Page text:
Network television’s first foray with a feminist lead
“I am a goddess, a glorious female warrior, queen of all that I survey. Enemies of fairness and equality: hear my womanly roar!”
Genuine empowerment of women is seldom present in our culture. It’s often distilled to the trite “girl power!!!” merchandise of youth. Self-empowerment is considered to be indulgent. Even if a woman does think she’s beautiful, it’s bitchy to proclaim it. It’s even more bitchy to express deep, meaningful anger.
Then how the hell have we been blessed with Leslie Knope for the past seven years? Probably, as always, thanks to her creative circumventing of the patriarchy.
Knope (played by Amy Poehler) is the protagonist of NBC’s Parks & Recreation, currently in its final season. The show chronicles a crew of small-town government employees and their leader, Knope, who refuses to give up under any circumstances. Although Knope is a politician, she only has one core value: love. This includes love for her career, her husband, her town and especially her friends.
This might not sound too crazy. If you are a woman, or maybe have met one, you know women are just as complex as Knope is with ambitions and affection for all of the above fields. But, network television has never been given a Leslie Knope before.
Jack Powers, associate professor of television-radio at Ithaca College, said, “There’s the age old questions: Do television programs reflect society, or help shape society?”
“Comedies typically are way ahead of the progressive curve,” he said.
Parks & Rec is direct. There’s an episode (“Pawnee Rangers”) where Knope starts a renegade girl scout-esque troop, because her BFF/libertarian counterpart Ron Swanson starts a boys-only outdoors club. When the men in sanitation say they refuse to hire women, Knope corrals her intern April into working in sanitation for the day (“Women in Garbage”).
She inspires the city manager to create a Gender Equality Commission in city council, and only men show up. Her intern April tells him his gender equality commission is a real sausage fest.
“Oh, my God,” Chris responds. “You’re kidding me. I just assumed that some of the departments would send women. Oh, my God. I am part of the problem.”
When Knope goes to a strip club with her male co-workers, she adamantly declares, “I’ve gone on record that if I had to have a stripper’s name, it would be Equality,” (“Tom’s Divorce”).
Many women on TV look like Knope. She is white, thin, straight and middle-class. She is blond and super-cute. Hell, she works for the government. If she’s an activist, she’s pretty mainstream, working within the system to change what she can.
We’ve been given women who seem like Knope, too. The immediate parallel is 30 Rock, created by and starring Poehler’s pal Tina Fey. Fey’s Liz Lemon was a feminist too but portrayed much less flatteringly. She calls Valentine’s Day “Anna Howard Shaw Day” after the famed suffragist, but always with bitterness. She shoves a sandwich into her mouth and shouts, “I can do it! I can have it all!” But, it’s obvious she can’t. Like Knope, she struggles to achieve success in her career and is constantly dealing with shitty guys. She embodies the stereotype haunting women characters that they can’t ever really be fulfilled in their lives; they’ll always want food, men or career advancement, or to be thin or liked, and they’ll never quite feel satisfied.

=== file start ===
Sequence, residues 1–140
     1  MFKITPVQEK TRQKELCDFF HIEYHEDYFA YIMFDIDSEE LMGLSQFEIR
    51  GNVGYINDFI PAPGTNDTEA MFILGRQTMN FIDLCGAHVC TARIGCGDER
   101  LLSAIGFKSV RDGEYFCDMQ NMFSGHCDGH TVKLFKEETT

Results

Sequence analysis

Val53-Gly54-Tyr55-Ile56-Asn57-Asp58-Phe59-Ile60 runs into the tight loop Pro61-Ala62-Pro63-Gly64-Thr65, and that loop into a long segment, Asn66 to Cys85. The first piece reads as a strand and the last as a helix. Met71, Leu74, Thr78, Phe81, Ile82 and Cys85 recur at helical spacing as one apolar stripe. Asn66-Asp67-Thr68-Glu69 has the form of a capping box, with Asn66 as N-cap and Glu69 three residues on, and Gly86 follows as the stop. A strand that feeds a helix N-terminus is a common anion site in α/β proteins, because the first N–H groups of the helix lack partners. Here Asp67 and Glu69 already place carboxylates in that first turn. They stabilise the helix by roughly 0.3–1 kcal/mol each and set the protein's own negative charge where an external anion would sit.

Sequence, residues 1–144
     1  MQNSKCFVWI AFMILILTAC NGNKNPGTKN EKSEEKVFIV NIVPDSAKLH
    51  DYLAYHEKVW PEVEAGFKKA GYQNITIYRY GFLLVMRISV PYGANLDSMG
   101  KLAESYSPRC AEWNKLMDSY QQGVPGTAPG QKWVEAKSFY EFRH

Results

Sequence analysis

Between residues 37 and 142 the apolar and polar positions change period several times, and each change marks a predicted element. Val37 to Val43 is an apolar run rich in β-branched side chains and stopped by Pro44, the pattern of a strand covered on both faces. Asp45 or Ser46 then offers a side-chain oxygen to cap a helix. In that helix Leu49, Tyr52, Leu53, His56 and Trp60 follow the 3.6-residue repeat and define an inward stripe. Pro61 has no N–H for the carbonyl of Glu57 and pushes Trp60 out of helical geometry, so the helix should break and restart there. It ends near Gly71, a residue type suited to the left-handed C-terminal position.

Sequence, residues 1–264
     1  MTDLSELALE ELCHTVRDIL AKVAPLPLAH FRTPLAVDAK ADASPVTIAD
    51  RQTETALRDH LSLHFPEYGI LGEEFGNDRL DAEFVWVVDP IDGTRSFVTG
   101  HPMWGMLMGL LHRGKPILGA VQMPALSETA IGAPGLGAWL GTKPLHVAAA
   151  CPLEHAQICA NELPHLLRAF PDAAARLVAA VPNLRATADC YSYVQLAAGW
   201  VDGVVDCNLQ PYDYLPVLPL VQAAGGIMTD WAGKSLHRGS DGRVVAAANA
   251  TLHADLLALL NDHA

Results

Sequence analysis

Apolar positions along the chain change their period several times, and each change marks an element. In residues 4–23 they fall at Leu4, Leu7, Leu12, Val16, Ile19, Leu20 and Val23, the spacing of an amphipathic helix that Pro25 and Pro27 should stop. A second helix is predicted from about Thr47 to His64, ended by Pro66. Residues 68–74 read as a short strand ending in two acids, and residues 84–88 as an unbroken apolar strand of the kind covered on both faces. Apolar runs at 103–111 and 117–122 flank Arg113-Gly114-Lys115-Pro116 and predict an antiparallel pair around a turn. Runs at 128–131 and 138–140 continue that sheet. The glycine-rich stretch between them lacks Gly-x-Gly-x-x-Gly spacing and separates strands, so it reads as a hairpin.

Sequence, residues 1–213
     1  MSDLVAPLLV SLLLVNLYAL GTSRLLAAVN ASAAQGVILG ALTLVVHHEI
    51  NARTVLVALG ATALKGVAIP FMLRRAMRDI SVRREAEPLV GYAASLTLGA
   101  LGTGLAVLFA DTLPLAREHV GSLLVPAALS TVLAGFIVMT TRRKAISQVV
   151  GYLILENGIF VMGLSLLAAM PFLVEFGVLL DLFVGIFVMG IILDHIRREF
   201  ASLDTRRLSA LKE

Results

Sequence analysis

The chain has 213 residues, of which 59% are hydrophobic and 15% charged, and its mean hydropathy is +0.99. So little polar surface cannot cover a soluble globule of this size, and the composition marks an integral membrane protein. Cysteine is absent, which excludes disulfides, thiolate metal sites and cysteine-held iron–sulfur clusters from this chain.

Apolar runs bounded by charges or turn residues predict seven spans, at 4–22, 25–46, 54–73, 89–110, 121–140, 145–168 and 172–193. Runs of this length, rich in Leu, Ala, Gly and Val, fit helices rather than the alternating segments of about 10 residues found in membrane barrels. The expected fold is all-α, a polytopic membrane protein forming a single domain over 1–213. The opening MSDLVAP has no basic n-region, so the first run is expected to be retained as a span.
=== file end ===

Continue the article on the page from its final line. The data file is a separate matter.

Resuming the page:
That’s what’s revolutionary about Leslie Knope: she is satisfied.
“Leslie does have it all, doesn’t she?” Powers said. “She leads a fulfilling life. Whereas you always got the idea that Liz Lemon did not, that Liz Lemon was always wanting for more, typically in the relationship department, and typically in the idea that she was going to be single and never going to have children and never have somebody. And we don’t have Leslie with those same concerns.”
Getting shit done in the bureaucracy of her local government is challenging, but Knope does it. Like Lemon, she often overworks herself, deteriorating into a complete mess. But, she has a foundation — friends who love her, a supportive partner and employees who pull together when she needs them.
Knope’s friendships with other characters are the show’s foundation as much as Knope’s. She has endless support for her best friend, beautiful-tropical-fish Ann, who loves her right back. She becomes a mentor for her intern, April. These relationships are not often portrayed in mainstream media. She is close with her government-hating superior, Ron, who is her opposite, but they respect each other.
Parks & Rec isn’t the only progressive show out there, and it certainly isn’t the first show to turn the tide on a social issue, explained Powers, who has worked with the producers of Modern Family.
“We have a show like Modern Family,” Powers said, “[that] even among conservatives — liberals were already on board with gay marriage — but that show, it has been identified as a show that made a difference among conservatives in accepting how same-sex relationships between men are seen… So, yeah, it makes a difference.”
For every little girl watching who sees Leslie Knope, loved and loving, with Madeleine Albright’s portrait on her desk as she eats waffles unapologetically doused with whipped cream, her dreams might be a little closer too.
Alexa Salvato is a sophomore journalism major who keeps a picture of Poehler and Fey on her desk. You can email her at firstname.lastname@example.org.